“For example, right now we have construction on our campus, so we have a shortage of staff parking, as we put our patients first,” said Munoz. “My team negotiated a contract with the nearby Irwindale Speedway to allow staff to park there, and also for the security around that. ”

Getting the best possible deal is not only about price. He looks at it from the perspective of the total cost of ownership of whatever is being procured. That includes warranty, service, product performance, maintenance, installation, delivery – anything that is involved in getting the product or service delivered and that will affect the price over time. 

“You want everyone to end up with best possible deal, from both a supplier and buyer standpoint,” he said. “It’s important not to alienate suppliers or take advantage.”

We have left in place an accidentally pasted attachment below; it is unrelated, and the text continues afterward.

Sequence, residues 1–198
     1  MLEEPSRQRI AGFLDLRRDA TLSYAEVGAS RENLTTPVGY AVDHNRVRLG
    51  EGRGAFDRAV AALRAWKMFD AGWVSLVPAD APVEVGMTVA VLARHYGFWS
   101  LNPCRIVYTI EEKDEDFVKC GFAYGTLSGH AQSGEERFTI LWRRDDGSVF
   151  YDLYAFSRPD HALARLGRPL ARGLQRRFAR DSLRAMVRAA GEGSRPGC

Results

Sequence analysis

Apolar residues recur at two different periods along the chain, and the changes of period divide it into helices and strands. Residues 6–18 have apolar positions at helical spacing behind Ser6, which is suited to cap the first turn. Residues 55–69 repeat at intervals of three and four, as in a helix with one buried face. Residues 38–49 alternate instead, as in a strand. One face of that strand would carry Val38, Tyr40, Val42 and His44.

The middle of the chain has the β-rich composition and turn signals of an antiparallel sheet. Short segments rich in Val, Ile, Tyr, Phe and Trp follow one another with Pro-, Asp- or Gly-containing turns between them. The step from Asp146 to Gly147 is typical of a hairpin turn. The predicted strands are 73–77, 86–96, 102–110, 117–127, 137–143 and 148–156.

Early Experience in Negotiations

Born in Guatemala and raised from age 13 in Southern California, Munoz started honing his negotiation skills in his youth. 

“There was a language barrier for my mom, so I took on the role of leading negotiations for things like our rent and even buying my own car at age 16,” he said. “I started acquiring these skills from an early age.”

Munoz earned a bachelor’s degree in accounting from California State University of Long Beach, then worked as an auditor for a few years. But he said that didn’t quite fulfill him: “I was not living up to my full potential. I wanted to help organizations save money and make major acquisitions.”